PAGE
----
Beige coloured walls induce more anger in subjects than other colours, even taupe, says Doctor Ruby Patterson, a result coming from a study of more than 5,000 people from around the Swansea, Wales, area.
Subjects were given a variety of tasks, ranging from simple and fun to hard and frustrating, as part of another study group, within different rooms of different colours. While brightly coloured, distinctly hued walls were all associated with higher levels of demonstrated emotion, beige walls had a consistent trend – ire.
“It was astounding just how varied the emotions were in other rooms compared to beige, specifically beige-II. While beige-I through to IV all produced similar results, beige-II was the outlier,” she says. “White, greys and blacks show little relation to emotion, whereas deep colours inspired more emotional responses to questions and tasks given.”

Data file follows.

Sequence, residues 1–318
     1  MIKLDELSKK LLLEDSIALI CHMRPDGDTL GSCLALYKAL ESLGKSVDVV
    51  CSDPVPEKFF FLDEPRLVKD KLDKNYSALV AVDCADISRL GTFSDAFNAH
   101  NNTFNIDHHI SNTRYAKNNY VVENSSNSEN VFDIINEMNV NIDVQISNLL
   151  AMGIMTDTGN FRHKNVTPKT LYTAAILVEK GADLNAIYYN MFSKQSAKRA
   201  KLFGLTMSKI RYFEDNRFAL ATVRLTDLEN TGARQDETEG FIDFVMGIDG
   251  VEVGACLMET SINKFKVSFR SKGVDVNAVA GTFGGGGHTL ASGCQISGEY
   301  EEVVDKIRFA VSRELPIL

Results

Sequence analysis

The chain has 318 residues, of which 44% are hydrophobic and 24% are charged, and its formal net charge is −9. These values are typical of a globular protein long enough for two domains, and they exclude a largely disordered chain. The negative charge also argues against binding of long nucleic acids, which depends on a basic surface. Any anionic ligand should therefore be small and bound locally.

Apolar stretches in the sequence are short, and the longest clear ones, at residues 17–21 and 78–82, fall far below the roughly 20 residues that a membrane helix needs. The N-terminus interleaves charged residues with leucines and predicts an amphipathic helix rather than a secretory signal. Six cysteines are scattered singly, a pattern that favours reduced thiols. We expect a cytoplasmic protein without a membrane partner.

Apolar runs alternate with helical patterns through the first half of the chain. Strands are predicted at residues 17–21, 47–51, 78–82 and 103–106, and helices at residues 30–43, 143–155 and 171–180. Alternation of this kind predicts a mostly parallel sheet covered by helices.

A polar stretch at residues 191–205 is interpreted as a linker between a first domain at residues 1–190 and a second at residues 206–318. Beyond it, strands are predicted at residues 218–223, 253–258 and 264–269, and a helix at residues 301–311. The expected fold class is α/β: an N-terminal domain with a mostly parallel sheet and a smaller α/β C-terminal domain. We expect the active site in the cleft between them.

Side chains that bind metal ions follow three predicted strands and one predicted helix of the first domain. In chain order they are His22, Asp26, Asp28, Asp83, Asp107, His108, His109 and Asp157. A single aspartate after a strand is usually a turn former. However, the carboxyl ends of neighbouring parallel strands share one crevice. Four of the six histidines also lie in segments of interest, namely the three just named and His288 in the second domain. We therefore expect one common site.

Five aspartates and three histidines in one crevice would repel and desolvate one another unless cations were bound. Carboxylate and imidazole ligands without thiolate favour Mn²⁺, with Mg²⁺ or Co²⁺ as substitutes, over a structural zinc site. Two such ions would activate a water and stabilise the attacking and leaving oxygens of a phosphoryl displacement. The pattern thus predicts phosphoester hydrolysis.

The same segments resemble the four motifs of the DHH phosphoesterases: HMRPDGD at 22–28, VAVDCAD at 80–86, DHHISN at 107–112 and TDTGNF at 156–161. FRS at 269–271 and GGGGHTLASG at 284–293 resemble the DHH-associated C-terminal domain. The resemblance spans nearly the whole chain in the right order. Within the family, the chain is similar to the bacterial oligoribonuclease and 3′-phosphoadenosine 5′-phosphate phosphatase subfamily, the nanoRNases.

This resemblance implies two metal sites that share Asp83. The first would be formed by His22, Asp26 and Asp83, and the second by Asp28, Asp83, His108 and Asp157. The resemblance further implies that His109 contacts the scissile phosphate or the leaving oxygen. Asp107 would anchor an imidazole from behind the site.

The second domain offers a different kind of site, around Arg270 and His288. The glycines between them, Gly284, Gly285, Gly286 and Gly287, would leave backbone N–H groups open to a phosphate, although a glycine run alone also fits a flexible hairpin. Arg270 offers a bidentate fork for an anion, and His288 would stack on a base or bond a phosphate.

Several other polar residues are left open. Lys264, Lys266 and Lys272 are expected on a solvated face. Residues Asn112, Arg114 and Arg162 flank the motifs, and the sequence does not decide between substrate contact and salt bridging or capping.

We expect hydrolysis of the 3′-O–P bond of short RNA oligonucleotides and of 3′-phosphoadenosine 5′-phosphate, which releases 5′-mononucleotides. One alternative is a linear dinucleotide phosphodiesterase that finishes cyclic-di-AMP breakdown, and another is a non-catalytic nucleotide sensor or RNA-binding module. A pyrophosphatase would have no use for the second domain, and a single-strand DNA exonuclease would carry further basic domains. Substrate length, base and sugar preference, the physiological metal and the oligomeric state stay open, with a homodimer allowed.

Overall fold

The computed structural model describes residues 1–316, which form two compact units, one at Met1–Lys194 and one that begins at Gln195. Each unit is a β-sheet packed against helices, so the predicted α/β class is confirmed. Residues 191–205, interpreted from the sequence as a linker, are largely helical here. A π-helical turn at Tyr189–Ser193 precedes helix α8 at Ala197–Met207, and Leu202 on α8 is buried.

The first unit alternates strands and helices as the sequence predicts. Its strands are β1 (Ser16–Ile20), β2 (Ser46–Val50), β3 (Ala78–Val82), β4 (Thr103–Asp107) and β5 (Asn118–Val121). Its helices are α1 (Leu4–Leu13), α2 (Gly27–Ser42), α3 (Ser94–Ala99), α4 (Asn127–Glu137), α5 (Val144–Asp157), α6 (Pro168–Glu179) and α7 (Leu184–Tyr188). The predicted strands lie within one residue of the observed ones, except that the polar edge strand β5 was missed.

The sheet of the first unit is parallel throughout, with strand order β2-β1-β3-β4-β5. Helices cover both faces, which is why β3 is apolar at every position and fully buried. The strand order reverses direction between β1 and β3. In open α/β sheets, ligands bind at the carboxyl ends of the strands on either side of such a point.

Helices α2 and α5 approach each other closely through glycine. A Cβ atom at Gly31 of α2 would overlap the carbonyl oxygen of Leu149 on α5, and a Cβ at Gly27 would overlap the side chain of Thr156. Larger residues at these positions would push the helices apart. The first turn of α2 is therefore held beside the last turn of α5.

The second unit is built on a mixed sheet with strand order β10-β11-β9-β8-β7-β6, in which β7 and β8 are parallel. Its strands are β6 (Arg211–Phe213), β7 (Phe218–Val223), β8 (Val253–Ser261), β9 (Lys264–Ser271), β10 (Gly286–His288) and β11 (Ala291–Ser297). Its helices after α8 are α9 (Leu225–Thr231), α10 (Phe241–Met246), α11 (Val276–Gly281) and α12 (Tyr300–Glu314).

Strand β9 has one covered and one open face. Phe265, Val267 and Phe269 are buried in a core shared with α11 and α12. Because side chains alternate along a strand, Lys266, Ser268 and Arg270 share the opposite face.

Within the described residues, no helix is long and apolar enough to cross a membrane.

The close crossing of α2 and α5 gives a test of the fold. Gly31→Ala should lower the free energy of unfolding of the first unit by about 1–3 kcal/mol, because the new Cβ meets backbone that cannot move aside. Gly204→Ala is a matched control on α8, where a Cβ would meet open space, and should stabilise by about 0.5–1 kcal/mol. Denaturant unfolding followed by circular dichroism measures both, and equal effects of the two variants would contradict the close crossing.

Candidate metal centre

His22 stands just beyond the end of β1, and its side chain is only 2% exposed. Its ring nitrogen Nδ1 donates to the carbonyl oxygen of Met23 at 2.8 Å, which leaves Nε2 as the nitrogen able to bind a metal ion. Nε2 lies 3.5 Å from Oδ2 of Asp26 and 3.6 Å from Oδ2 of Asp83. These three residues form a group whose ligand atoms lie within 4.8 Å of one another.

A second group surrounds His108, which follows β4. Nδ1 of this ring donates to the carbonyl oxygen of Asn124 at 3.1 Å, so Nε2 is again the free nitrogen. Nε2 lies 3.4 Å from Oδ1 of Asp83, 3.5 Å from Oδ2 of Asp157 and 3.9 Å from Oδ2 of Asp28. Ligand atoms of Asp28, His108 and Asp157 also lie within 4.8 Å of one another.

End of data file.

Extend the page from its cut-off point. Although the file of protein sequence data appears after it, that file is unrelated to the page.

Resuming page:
When asked why beige would trigger an almost exclusively angry emotion in candidates, Ruby is hesitant to answer.
“Who can say exactly? It could be that beige is to non-descript as to be associated with everything mundane, such as parchment and doughy bread. We expected it would have produced feelings of boredom or, at the most, frustration. The results we saw were nothing short of violent.”
So violent, in fact, that in three out of the five sessions involving beige, each with different groups of people, members would ultimately physically fight and draw blood.
“We did notice that as soon as blood was spilt, the tensions decreased and apologies were issued,” she said.
She hopes to follow on from these studies to see whether drawing blood can be used to settle conflicts. The implications have wide ranging application from boardroom negotiations to diplomatic relations.
“Imagine being able to bring matters to a head with a change in wall colour, only to resolve them almost immediately with some well coordinated violence,” she says.